We've all had that thought that a basic pottery kit is a ball of clay, a wheel, a hard surface, and maybe a vessel for water. You learn pretty quickly that pottery is a hobby or career path that requires ALL the things.
If you've been practicing this art for longer than 2 weeks you'll have discovered that your tool options are endless! There's so much choice, and so many price points.
It might be tempting to run out there (or onto the internet) and grab the first beginners pottery toolkit that you come across. I want you to resist that urge.
Because not all pottery tools are made equally. And not all beginners pottery tools really cut it in the long term. While some of the beginners sets have good price points you'll actually do much better if you buy sturdy tools, you know, the ones that will last! It'll teach you better technique and save you money in the long run.
I've written this for my students who are want to start practicing at home or students attending pottery schools that don't provide the tools you need.
I've put together a list of my favourite must have pottery tools here. I'm not paid to share these with you, they're honestly my favourite ones out there:
1. KSP1 Special Ribbon Tool by Kemper ($9 CAD)
Designed for medium duty pottery and sculpture work, this tool has sharpened stainless steel bevelled ribbon ends attached to a hardwood handle. Approximately 7" long. Through Amaranth Stoneware.
2. Polymer Rib - Shape 1 by Mudtools ($10.95 CAD)
My favourite is the blue one (it's firm), but if they're out of stock the red one will serve you just as well (medium firmness). They're an extension of your hand.
Amaranth Stoneware describes them best: "These traditional kidney-shaped ribs are the most universally recognized pottery tool. They fit well in the hand and are useful for sculpting, hand building and throwing clay. The Shape 1 Polymer Ribs are our best seller. You need one in your toolbox. Really, you do...Because it acts as an extension of the potter’s own hand, we believe it should function well and be a joy to use."
3. PRO Pin Tool By Kemper ($6.00 CAD)
There are so many options for tools like this. I'm going to warn you right now - stick with a metal handle. It's going to last longer! Again, this is from Amaranth Stoneware (my go to place for tools). It's best used for cutting thick clay (precisely), making holes, and working your intricate designs. You can get it here.
4.S4 Flexible Metal Scraper by Kemper ($4 CAD)
A stiff course brush designed for use on hard greenware. You can get it here.
5. 8" Wood Modelling Tool WT6 by Kemper ($9 CAD)
The site explains it best: "Used for cutting, slicing, smoothing, contouring, and pattern decorating in soft clay. This tool is excellent for modeling and sculpting forms in soft clay. Great to undercut pots on a wheel."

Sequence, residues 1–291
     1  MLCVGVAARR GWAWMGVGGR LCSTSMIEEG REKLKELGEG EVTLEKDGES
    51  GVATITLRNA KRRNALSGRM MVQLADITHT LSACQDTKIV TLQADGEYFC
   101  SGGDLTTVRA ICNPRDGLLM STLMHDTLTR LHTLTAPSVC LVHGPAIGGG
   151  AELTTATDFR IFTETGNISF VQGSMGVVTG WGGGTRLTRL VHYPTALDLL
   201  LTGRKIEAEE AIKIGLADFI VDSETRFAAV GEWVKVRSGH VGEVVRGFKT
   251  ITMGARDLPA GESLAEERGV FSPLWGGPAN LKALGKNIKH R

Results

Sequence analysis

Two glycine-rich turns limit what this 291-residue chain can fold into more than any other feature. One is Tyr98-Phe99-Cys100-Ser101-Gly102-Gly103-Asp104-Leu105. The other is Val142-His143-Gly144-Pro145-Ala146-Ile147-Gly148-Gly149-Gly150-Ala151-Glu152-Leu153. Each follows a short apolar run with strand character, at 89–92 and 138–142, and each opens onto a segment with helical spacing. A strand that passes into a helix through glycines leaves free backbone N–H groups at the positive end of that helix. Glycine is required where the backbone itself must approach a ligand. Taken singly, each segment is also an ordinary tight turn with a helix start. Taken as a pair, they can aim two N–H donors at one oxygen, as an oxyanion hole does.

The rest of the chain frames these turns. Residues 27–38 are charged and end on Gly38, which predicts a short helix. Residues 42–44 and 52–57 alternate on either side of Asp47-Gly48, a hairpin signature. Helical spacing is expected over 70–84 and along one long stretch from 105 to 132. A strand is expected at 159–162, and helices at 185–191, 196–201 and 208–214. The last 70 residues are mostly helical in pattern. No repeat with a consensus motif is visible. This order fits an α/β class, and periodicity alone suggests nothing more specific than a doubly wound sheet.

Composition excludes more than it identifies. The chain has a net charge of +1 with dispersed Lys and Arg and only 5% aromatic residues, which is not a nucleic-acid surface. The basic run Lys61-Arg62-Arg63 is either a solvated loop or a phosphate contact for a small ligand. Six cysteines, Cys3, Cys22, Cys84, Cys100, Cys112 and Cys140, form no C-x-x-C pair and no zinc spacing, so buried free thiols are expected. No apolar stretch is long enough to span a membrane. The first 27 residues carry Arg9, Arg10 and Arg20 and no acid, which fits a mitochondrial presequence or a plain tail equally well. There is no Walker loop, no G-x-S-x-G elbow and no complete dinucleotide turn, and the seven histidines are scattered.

6. Blue Bat 12" by Speedball ($12.95 CAD).
Plastic bats will be your friend on the wheel. They're easy to clean, less likely to warp and the blue makes them easy to see and remember. Remember, if you're marking this one with your name you'll want to be double checking it often to make sure there is no erasure (or peeling if you use tape). You can read more about bats here. As a student, you should aim to have 2 blue bats and 4 green square bats (these can also be found at Amaranth Stoneware).
I also think that having these Shimpo Bat Pins will help you greatly when it comes to setting up shop or starting at a new studio.
If you're practicing in a shared studio make sure you put your name on them with a really sticky tape and/or permanent marker. Things can go walking or be misplaced. You're making an investment and you definitely want your tools to come back to you.
A QUICK NOTE: If you take a class with Krista Cameron Pottery, you don't have to bring your own tools because we provide them for you. And we provide a lot of them! For the full 8 week classes, you only pay extra for clay. The beginners classes have everything included!
Want to see the quick list?
What's on your beginners pottery list?
There's nothing worse than hearing an explosion. Especially for me, because it means that someone's dedication and hard work has ended horribly.
Pottery explosions happen in the kiln. They're easy to avoid but it happens more than you'd think.
It all starts with thinking about moisture. When we fire pieces we absolutely need them to be dry and solid!
Explosions happen because your piece hasn't dried evenly, which causes steam to build up. The thing with steam is that it has to go somewhere...and when it's in the kiln it goes through your piece...with force.
The second reason for explosions are air pockets. When your piece is in the kiln it burns...in a cool way. The organic matter in the clay combusts, which is usually fine, but if your piece isn't solid and has a hidden air pocket then the steam from the organic matter builds up - and again has no where to go except through your piece.
How Do You Avoid Explosions?
Keep your pieces thin(ish). While you want your pottery to have substance (otherwise they will crack), you also want to keep them nice and slim.
It’s all about balance.
Pottery with clay walls or sections over 2 cm thick may explode in the kiln.
If you are making a thicker piece then take the time to ensure your piece has been hollowed out where possible for air flow.
Keep it thin or hollowed. Air flow is the most important part of ensuring explosions are kept to a minimum.
We've been running beginners classes for some time and I'm here today to share a few words from my past newbie students.
In the slideshow below you'll see examples of beginner pottery standards and information about our classes.
After all, if you're going to take pottery lessons you should know exactly what people like you thought about them!
Offering pottery classes to adults and kids in Athens, Brockville, and Kingston, ON.